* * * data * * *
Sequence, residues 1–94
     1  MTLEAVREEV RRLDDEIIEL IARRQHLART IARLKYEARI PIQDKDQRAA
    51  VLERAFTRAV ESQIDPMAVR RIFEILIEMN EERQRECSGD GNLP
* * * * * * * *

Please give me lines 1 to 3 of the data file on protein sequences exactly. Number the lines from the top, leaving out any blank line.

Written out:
Sequence, residues 1–94
     1  MTLEAVREEV RRLDDEIIEL IARRQHLART IARLKYEARI PIQDKDQRAA
    51  VLERAFTRAV ESQIDPMAVR RIFEILIEMN EERQRECSGD GNLP